Image Optimization - Overview

Image Optimization / Overview

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Perfect visuals are essential elements of every website and application. They sell products and services, convert new users and create consistent look and feel of interfaces. They are also the biggest contributors to the Internet traffic currently occupying 64.2% of the bandwidth world-wide.

Serving bloated, unoptimized images on your websites will have a very negative effect on your site speed and will lead to inevitable drops in conversions rates and customer satisfaction. Also, Google has indicated site speed is one of the important signals used by its algorithm to rank pages. Slower loading times will negatively affect your search ranking.

Image optimization is the art and science of minimizing image file size without affecting its visual quality. Our proprietary Smart Lossy Optimization algorithms excel at determining the perfect balance of image quality and file size, achieving on average 60% of savings without any perceptible impact on the image quality.

With Smart Lossy Optimization, you can also set a custom compression preset depending on your use-case. We also offer a lossless mode of image optimization which will yield smaller savings (around 20% size reduction), but the pixel information will remain untouched. You may also bypass our smart image optimization pipeline and set a custom image quality level by yourself.

Optidash API supports JPEG, PNG, Animated PNG, WebP, GIF, Animated GIF and SVG as input formats for image optimization pipeline.

Default Image Optimization Mode

It's worth noting that all images will be automatically optimized with Smart Lossy mode (unless you specify a lossless mode) and no additional user action is required to have your visuals prepared for the Web. In other words, Optidash Image API will always yield perfectly optimized output images.

Smart Lossy Image Optimization

This is the default mode applied to all processed images. Images in JPEG, PNG, GIF, Animated GIF and SVG formats will be treated with Smart Lossy Optimization giving you confidence that your visuals will always have an unmatched quality with the smallest possible file size. Quality loss when using Smart Lossy Optimization is not noticeable to the human eye.

Because Smart Lossy Optimization is enabled by default, if you just want to optimize your images without performing any transformations, you only have to upload your file to the Optidash Image API without any additional parameters.

An example cURL request incorporating Image Upload method used only to optimize your images would look like so:

curl https://api.optidash.ai/1.0/upload \
     --user your-api-key: \
     --form file=@/path/to/image/file.jpg

Or with Image Fetch method:

curl https://api.optidash.ai/1.0/fetch \
     --user your-api-key: \
     --header "Content-Type: application/json" \
     --data '{
         "url": "https://www.website.com/image.jpg"
     }'

Lossy Optimization Presets

In addition to the default smart lossy optimization mode which will yield images of excellent quality, the Optidash Image API offers you three compression presets for different use-cases you may have. Those presets differ in terms of image quality and therefore the resulting file size; they describe the level of compression used to encode the output image.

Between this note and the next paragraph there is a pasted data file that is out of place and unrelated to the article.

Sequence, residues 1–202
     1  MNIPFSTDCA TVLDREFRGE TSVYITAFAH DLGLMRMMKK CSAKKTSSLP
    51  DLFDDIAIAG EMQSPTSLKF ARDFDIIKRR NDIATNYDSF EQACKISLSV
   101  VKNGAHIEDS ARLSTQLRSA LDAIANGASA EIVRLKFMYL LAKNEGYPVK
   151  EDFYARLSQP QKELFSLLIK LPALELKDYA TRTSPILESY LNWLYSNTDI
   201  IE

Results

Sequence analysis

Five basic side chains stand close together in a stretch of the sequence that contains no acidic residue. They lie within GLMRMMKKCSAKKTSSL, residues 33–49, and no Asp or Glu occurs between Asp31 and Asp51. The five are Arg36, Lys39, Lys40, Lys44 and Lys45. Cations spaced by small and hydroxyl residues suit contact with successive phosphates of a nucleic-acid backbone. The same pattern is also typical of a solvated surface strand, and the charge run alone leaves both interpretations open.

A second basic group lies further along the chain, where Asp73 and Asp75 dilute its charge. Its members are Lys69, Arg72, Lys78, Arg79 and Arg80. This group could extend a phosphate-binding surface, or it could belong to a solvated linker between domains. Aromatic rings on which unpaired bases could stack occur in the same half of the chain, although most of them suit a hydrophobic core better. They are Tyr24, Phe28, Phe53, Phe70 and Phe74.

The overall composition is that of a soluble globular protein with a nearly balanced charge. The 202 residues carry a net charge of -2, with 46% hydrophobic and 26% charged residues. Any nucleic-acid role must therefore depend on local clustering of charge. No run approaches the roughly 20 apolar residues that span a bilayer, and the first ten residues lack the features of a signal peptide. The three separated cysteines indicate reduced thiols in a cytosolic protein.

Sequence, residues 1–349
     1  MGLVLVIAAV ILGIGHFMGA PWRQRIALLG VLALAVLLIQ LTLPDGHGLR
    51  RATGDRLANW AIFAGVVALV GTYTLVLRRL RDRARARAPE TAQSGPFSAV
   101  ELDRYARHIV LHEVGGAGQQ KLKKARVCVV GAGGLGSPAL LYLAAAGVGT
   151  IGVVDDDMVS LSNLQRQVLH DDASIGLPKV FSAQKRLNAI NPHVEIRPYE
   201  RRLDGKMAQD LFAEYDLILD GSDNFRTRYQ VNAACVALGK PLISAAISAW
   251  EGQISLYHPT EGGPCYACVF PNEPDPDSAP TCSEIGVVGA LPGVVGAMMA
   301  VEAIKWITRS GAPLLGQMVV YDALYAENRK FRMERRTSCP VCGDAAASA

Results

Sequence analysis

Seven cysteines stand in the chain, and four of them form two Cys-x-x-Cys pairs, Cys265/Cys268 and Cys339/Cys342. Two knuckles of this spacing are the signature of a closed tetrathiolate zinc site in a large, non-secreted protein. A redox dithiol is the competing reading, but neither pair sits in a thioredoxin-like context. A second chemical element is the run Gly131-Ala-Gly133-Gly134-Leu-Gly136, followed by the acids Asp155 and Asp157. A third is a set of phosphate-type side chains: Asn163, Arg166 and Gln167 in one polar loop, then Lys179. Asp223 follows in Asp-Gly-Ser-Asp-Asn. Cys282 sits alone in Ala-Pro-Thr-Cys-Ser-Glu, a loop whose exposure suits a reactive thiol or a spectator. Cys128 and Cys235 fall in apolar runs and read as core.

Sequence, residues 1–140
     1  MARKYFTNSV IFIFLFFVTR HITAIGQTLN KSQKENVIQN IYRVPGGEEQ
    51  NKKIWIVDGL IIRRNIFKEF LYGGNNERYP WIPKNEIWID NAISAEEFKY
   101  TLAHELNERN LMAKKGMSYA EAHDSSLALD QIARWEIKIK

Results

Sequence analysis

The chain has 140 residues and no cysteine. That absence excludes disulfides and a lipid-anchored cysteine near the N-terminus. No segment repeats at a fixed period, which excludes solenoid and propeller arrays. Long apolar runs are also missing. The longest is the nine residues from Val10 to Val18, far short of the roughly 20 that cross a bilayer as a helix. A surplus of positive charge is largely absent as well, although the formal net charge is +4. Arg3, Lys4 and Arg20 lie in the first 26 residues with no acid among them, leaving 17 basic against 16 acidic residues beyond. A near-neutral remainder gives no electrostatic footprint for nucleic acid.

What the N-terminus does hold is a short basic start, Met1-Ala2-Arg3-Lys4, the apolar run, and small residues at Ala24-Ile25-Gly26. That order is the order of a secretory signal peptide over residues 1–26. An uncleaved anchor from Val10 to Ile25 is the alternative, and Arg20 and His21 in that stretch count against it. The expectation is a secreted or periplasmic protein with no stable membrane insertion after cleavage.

PresetDescription
lowLow compression level is still lossy, but avoids any compression artifacts and therefore guarantees a bit higher file size savings than the lossless mode of image optimization. It's recommended for images with very high contrast ratio, gradients and visuals that will be enlarged on the client-side.
mediumMedium compression level is enabled by default if the preset is not explicitly specified. If offers a perfect balance of file size and image quality and it's recommended for most use-cases. Quality degradation will be imperceptible under normal viewing conditions.
highHigh compression level guarantees the smallest possible file size at the expense of image quality. This mode is recommended for non-critical parts of your websites. It's also perfect for visuals prepared specificaly for high DPI screens (eg. Retina) as images on those screens will typically be scaled down by a factor of 2x and therefore compression artifacts will be less visible.
{
    "optimize": {
        "compression": "high"
    }
}

An example cURL request of using Image Fetch method with lossy optimization preset will look like the following:

curl https://api.optidash.ai/1.0/fetch \
     --user your-api-key: \
     --header "Content-Type: application/json" \
     --data '{
         "url": "https://www.website.com/image.jpg",
         "optimize": {
             "compression": "high"
         }
     }'

Lossless Image Optimization

Optidash Image API can also apply mathematically lossless image optimization and recompression without altering a single pixel of the image. If you are confident that your image transformation requests must result in a pristine look of your visuals, you may use the lossless mode for image optimization. Enabling this will disable Smart Lossy Optimization alltogether. To use Lossless Mode, simply set "lossless": true within the optimize hash:

{
    "optimize": {
        "lossless": true
    }
}

An example cURL request of using Image Fetch method with lossless optimization will look like the following:

curl https://api.optidash.ai/1.0/fetch \
     --user your-api-key: \
     --header "Content-Type: application/json" \
     --data '{
         "url": "https://www.website.com/image.jpg",
         "optimize": {
             "lossless": true
         }
     }'

Custom Image Quality

If you would like to exercise more control over the compression process, you may optionally specify an explicit quality (Q) value. To set the Q value, specify "quality": N within the optimize hash where N is an integer within the range 1 - 100 (1 being the lowest with maximum compression and 100 with the best image quality).

Custom Image Quality is supported for JPEG, PNG, WebP, GIF and Animated GIF image formats.

{
    "optimize": {
        "quality": 75
    }
}